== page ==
Preparation of ex vivo rodent phantoms for developing, testing, and training MR imaging of the kidney and other organs


  • J.M. Millward
  • J.S. Periquito
  • P.R. Delgado
  • C. Prinz
  • T. Niendorf
  • S. Waiczies


  • Methods in Molecular Biology


  • Methods Mol Biol 2216: 75-85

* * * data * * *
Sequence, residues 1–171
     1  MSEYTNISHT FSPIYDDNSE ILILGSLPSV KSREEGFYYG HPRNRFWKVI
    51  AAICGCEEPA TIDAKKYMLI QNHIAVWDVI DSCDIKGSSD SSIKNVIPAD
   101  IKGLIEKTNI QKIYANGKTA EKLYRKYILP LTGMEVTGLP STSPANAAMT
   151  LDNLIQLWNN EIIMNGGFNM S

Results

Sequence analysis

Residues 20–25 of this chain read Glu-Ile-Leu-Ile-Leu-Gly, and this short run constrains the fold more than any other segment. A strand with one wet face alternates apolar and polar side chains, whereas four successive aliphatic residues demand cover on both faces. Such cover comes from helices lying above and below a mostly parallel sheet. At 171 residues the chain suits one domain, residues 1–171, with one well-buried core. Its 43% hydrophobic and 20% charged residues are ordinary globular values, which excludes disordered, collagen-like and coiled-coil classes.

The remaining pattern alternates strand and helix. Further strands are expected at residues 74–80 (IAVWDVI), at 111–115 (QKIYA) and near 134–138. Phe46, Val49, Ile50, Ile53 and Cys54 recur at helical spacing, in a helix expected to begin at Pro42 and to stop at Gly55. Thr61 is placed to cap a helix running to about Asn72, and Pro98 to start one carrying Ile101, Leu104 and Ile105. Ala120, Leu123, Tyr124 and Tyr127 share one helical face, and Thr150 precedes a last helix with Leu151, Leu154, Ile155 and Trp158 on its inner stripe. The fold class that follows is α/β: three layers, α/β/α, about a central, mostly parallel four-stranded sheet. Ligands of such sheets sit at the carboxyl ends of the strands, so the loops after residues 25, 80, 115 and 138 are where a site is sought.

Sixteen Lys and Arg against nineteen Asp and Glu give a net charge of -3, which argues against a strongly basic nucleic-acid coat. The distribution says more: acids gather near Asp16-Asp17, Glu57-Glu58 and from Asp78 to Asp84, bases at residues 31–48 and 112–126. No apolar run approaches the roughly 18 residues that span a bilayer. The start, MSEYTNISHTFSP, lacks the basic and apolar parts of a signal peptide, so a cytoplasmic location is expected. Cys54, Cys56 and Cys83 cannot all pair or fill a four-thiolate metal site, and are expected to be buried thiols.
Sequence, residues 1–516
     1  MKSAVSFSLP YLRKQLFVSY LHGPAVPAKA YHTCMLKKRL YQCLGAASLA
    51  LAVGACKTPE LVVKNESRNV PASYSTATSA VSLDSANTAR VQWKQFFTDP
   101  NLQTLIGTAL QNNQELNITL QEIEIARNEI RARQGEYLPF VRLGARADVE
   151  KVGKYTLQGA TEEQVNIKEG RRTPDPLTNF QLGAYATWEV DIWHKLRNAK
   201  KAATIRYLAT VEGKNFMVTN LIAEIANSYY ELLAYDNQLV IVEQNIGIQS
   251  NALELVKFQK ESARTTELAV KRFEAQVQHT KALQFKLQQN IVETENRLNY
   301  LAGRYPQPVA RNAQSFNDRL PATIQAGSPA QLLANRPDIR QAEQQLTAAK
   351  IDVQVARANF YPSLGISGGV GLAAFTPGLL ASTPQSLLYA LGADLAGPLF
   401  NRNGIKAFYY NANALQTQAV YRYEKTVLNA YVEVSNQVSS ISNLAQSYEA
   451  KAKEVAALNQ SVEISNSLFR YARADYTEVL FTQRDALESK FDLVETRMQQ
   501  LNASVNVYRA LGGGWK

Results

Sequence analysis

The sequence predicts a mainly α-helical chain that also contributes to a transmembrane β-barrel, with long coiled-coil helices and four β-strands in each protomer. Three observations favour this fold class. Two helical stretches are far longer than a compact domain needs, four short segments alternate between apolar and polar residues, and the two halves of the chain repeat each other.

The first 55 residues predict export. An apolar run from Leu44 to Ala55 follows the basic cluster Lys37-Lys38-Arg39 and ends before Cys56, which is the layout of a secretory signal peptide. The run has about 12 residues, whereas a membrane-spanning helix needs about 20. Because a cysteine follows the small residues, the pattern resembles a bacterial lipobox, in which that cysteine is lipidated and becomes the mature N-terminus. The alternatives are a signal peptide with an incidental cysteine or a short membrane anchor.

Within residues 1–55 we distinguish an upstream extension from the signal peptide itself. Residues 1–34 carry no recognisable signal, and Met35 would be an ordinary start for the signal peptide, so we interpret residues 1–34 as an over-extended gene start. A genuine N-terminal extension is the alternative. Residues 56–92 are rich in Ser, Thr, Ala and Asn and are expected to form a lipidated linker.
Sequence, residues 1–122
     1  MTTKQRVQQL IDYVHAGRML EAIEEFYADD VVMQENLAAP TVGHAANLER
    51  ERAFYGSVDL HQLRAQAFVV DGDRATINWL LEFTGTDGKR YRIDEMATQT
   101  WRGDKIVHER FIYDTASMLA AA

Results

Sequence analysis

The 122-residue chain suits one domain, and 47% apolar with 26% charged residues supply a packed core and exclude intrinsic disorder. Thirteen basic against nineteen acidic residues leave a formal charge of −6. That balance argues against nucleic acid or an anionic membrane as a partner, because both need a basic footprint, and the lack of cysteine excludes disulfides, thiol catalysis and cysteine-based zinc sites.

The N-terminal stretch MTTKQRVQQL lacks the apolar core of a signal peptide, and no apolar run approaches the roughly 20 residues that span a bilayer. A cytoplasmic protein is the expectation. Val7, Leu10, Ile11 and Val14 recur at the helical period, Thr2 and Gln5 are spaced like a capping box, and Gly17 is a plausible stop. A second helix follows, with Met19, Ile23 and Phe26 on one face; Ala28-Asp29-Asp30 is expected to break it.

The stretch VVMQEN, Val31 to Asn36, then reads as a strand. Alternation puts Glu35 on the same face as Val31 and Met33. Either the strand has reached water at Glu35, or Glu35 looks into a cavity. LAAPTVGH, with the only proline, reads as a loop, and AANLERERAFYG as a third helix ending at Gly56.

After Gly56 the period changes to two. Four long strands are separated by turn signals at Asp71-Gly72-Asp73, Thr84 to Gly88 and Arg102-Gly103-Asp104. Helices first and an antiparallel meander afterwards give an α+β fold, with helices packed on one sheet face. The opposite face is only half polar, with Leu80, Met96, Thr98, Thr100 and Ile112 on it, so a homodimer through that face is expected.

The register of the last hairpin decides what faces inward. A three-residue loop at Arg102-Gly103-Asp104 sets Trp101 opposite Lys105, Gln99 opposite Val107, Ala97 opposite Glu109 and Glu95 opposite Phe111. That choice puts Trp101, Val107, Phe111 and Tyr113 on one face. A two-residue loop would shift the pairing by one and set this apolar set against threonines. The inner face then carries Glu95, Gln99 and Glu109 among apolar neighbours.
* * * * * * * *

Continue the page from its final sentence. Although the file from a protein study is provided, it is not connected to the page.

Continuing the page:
• Here we describe a simple and inexpensive protocol for preparing ex vivo rodent phantoms for use in MR imaging studies. The experimental animals are perfused and fixed with formaldehyde, and then wrapped with gauze and sealed with liquid latex. This yields a phantom that preserves all organs in situ, and which avoids the need to keep fixed animals and organs in containers that have dimensions very different from living animals. This is especially important for loading in MR detectors, and specifically the RF coils, they are usually used with. The phantom can be safely stored and conveniently reused, and can provide MR scientists with a realistic phantom with which to establish protocols in preparation for preclinical in vivo studies-for renal, brain, and body imaging. The phantom also serves as an ideal teaching tool, for trainees learning how to perform preclinical MRI investigations of the kidney and other target organs, while avoiding the need for handling living animals, and reducing the total number of animals required.This protocol chapter is part of the PARENCHIMA initiative "MRI Biomarkers for CKD " (CA16103), a community-driven Action of the European Cooperation in Science and Technology (COST) program of the European Union, which aims to improve the reproducibility and standardization of renal MRI biomarkers.